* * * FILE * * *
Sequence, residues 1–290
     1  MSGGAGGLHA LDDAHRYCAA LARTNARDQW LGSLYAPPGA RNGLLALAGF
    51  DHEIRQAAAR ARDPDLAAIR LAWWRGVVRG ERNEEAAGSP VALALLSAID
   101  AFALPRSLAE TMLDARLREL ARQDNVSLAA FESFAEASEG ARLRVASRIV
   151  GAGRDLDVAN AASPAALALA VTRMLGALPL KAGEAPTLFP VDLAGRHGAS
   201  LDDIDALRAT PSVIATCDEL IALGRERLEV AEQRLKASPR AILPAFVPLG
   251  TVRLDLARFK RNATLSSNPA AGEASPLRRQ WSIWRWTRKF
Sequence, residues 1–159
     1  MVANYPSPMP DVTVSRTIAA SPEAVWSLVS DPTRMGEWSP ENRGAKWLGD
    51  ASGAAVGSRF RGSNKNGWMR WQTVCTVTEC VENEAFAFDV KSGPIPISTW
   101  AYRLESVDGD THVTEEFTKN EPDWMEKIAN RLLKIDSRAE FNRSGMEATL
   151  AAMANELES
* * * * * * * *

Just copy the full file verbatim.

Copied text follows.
Sequence, residues 1–290
     1  MSGGAGGLHA LDDAHRYCAA LARTNARDQW LGSLYAPPGA RNGLLALAGF
    51  DHEIRQAAAR ARDPDLAAIR LAWWRGVVRG ERNEEAAGSP VALALLSAID
   101  AFALPRSLAE TMLDARLREL ARQDNVSLAA FESFAEASEG ARLRVASRIV
   151  GAGRDLDVAN AASPAALALA VTRMLGALPL KAGEAPTLFP VDLAGRHGAS
   201  LDDIDALRAT PSVIATCDEL IALGRERLEV AEQRLKASPR AILPAFVPLG
   251  TVRLDLARFK RNATLSSNPA AGEASPLRRQ WSIWRWTRKF
Sequence, residues 1–159
     1  MVANYPSPMP DVTVSRTIAA SPEAVWSLVS DPTRMGEWSP ENRGAKWLGD
    51  ASGAAVGSRF RGSNKNGWMR WQTVCTVTEC VENEAFAFDV KSGPIPISTW
   101  AYRLESVDGD THVTEEFTKN EPDWMEKIAN RLLKIDSRAE FNRSGMEATL
   151  AAMANELES